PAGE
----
Legalizing Euthanasia: A Question of Politics
Euthanasia has long been a hotly debated issue because of its inherent ties with death. In the United States, the matter of death has a naturally negative connotation with the general public since murder is considered murder regardless of its motives. However, the moral and ethical implications of euthanasia place it on the thin line between right and wrong. Death is seemingly not a black and white issue nor is killing if one takes into careful consideration the situational context surrounding so-called “mercy killings.” It is widely accepted that euthanasia is both passive and active. Passive euthanasia, which is commonly considered morally permissible, concerns the withholding of normal life sustaining medical treatment and the simple act of “letting die.” Active euthanasia, however, is the more controversial of the two because it requires the active assistance of a physician, therefore contradicting that of which the medical doctrine stands for, and constituting murder by law. There appears to be a sound and valid argument in favor of euthanasia in general, and active euthanasia specifically, if one considers what the medical profession stands for in essence. Voluntary active euthanasia should be legalized in the United States because of the nation’s value of autonomy and individual agency, and because of the doctrine of separation of church and state in regards to the governance of the general public.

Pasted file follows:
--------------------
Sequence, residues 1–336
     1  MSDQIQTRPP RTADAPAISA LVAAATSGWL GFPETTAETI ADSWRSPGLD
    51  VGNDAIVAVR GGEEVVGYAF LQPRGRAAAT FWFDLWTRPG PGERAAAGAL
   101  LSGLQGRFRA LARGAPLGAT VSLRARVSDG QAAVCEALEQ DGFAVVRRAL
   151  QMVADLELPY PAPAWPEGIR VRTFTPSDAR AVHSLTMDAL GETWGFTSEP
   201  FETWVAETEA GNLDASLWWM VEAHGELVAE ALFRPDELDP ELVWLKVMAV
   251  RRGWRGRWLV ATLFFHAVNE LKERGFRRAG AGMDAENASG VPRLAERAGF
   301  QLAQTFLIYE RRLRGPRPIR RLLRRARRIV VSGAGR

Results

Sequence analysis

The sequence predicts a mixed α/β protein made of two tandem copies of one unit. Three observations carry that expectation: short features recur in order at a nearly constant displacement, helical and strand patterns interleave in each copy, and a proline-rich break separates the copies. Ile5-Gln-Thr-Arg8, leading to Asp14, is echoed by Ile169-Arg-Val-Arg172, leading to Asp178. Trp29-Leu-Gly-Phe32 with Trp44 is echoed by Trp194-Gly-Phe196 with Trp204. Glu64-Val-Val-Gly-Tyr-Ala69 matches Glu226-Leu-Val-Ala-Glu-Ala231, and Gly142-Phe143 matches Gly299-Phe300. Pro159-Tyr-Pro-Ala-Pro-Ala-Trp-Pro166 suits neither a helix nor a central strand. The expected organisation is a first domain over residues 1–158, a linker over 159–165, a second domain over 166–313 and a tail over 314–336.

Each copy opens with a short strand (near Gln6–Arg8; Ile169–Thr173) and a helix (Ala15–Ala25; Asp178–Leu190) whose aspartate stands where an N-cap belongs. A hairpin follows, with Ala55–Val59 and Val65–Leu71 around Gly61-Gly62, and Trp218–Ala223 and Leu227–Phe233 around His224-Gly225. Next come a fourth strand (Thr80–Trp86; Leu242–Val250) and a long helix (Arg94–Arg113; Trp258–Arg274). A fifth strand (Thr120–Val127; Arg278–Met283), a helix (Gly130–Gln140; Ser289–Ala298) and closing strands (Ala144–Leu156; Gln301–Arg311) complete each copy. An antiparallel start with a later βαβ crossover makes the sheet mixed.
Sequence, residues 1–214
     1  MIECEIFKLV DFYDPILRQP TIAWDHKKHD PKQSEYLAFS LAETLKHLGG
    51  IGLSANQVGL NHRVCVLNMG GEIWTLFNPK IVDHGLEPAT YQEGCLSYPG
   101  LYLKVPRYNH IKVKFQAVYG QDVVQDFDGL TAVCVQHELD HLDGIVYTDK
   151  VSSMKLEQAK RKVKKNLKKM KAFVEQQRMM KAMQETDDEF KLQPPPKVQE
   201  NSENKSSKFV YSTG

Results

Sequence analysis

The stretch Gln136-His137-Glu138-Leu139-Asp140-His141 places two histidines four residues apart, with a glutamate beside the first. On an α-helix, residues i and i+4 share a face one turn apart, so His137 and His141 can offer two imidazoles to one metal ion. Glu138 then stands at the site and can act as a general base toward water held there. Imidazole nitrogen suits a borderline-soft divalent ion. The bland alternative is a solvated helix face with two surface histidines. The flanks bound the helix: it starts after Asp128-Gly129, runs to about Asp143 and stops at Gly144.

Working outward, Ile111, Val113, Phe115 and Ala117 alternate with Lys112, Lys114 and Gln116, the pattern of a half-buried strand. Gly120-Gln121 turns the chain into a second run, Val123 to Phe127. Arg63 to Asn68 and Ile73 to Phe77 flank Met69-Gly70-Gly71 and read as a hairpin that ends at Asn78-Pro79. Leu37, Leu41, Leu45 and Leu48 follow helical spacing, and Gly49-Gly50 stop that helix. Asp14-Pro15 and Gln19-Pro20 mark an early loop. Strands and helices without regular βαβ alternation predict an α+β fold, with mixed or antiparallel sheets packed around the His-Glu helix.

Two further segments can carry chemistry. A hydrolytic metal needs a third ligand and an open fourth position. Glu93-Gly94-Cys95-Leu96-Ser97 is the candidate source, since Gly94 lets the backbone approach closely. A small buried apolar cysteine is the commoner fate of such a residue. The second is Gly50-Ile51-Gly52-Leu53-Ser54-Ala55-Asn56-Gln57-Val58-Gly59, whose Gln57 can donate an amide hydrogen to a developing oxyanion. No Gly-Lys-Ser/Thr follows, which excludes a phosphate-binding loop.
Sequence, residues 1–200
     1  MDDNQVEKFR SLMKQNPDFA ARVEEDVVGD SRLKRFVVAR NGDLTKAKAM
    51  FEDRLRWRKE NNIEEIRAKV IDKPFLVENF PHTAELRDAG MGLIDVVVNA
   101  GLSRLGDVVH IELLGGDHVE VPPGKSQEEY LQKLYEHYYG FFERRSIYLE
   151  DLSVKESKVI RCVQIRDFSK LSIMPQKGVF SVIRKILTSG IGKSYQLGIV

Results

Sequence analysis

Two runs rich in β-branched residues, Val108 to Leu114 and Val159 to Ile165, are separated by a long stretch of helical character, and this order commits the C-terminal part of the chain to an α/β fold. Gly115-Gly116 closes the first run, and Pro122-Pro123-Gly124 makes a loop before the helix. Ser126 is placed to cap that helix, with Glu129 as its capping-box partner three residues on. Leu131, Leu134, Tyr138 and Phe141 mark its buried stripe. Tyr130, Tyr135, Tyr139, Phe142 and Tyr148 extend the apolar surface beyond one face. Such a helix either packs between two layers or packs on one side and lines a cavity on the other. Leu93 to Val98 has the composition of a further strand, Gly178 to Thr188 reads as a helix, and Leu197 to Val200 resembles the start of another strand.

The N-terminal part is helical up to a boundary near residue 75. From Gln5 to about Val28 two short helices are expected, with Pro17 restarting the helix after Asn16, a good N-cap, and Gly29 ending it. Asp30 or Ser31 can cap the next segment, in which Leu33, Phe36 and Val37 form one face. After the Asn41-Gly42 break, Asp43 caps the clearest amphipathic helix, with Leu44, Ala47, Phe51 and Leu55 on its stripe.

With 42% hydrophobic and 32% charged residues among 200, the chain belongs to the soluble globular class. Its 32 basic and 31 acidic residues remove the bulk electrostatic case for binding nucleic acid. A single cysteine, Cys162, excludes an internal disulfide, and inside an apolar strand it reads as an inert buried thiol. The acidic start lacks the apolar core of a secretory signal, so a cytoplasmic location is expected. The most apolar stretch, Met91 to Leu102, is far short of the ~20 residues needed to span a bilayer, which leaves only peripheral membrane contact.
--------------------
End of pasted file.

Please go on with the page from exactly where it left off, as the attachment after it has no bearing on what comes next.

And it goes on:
The primary philosophical argument surrounding the morality of voluntary active euthanasia concerns the issue of personal agency. It is the moral and ethical duty of the law
to regard citizens with a certain degree of competence, and therefore to respect personal decisions made so long as those decisions do not cause harm to others (Brock 1992). Inherent in the notion of autonomy is a sense of personal responsibility, a responsibility for the course of action and eventual outcomes in all phases of...